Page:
Geography always matters in genealogical research. It is even more imperative that the researcher contemplate the distances between places during that time period when travel was more difficult and a ten mile trip would have been on foot or horeseback.

Sometimes with a map, it can be difficult for some to really get a feel for how far apart two places are. One way is to compare the distance between two places to the distance between your home and a local place with which you are familiar. The best way is to see the actual geographic area, but most of us are not able to travel to every ancestral location.

When I see that two towns are ten miles apart, I think of several places that are that far from where I live know–just to give perspective. Of course, I also need to consider the local geography of the area (mountains, rivers, etc.) and not the geography of where I live. Political lines that might have been crossed also are a concern in certain locations.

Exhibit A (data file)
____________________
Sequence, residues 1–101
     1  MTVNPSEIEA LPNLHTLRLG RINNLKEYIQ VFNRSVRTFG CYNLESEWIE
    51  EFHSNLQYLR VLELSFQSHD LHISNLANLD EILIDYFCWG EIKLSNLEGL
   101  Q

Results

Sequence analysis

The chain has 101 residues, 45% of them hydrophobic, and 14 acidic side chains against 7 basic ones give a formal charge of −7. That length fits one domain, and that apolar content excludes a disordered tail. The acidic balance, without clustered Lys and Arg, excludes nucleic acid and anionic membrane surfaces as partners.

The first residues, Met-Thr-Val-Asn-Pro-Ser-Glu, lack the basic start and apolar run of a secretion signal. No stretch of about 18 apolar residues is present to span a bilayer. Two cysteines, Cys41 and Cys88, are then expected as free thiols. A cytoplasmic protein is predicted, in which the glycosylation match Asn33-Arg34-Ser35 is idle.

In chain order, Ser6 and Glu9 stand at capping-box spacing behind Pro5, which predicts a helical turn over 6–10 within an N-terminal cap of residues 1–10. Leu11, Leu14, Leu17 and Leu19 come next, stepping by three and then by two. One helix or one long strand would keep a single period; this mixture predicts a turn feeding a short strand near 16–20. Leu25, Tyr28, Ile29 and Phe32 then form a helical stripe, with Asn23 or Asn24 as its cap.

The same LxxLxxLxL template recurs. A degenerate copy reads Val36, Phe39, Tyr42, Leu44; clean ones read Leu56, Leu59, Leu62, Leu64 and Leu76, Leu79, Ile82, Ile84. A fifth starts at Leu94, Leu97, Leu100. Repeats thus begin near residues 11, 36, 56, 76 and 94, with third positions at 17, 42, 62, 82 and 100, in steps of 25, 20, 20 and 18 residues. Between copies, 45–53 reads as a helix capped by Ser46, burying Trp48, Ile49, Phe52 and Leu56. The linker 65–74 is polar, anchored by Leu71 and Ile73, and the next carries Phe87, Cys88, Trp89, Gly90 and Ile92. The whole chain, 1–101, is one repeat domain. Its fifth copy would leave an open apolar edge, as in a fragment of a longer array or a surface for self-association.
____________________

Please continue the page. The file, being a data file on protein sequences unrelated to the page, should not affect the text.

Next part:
The modes of travel available to your ancestor in 1750, 1850, and 1950 were different–make certain you are aware of those as well.

Check out my 1950 census preparation webinar-1 April is coming up!



2 Responses

  1. This is something I wish more hint clickers gave more thought to. will give you a map of that location. Using the “directions” button and entering a known town will tell you how far away it is. So, if I am looking for a location in Illinois and I know where Chicago is, I can use those two locations to see distance. If I enter the town the hint is giving me and a town I already know is right, I can get a good idea of whether the hint is for my person or someone else.

    • I’m in complete agreement. It’s not like geographic information is not readily available. A little dose of geography would really cut down on the number of totally incorrect documents being attached to people.

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